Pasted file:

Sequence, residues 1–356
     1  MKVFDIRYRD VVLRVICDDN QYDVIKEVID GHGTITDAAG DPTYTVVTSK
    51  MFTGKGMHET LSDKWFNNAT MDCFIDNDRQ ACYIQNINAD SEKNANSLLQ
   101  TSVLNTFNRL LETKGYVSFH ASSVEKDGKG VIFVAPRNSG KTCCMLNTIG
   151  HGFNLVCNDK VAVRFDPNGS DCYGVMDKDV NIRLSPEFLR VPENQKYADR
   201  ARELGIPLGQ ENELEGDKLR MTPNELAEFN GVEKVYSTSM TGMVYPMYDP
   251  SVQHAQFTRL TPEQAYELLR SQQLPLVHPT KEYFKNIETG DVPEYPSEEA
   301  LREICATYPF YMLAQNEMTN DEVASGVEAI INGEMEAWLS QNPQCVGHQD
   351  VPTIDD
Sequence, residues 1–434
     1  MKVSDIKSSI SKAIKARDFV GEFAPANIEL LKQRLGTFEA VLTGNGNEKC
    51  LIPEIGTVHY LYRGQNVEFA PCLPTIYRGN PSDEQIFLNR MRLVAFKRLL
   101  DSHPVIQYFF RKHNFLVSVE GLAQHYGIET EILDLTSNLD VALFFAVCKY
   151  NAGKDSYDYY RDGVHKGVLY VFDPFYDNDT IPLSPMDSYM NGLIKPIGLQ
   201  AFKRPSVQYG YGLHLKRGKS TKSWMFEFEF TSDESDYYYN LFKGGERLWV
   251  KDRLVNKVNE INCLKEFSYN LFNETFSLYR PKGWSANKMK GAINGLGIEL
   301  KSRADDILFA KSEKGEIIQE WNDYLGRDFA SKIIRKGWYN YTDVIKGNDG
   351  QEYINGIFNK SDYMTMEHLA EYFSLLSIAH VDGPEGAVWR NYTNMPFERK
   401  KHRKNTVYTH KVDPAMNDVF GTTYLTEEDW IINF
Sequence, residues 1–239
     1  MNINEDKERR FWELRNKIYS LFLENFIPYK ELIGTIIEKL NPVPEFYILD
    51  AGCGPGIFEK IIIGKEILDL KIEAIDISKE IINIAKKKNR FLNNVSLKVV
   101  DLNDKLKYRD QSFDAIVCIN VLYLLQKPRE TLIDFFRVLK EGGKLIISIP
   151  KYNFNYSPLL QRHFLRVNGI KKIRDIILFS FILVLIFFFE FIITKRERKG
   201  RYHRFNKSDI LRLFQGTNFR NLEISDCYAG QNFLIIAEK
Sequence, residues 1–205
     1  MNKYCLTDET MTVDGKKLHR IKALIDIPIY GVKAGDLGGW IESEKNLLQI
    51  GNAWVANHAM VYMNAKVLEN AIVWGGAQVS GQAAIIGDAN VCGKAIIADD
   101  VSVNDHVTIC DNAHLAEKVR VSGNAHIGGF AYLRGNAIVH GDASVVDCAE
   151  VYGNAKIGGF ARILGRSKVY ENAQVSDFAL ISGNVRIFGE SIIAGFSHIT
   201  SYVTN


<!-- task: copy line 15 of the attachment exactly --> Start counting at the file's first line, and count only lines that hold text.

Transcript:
   201  AFKRPSVQYG YGLHLKRGKS TKSWMFEFEF TSDESDYYYN LFKGGERLWV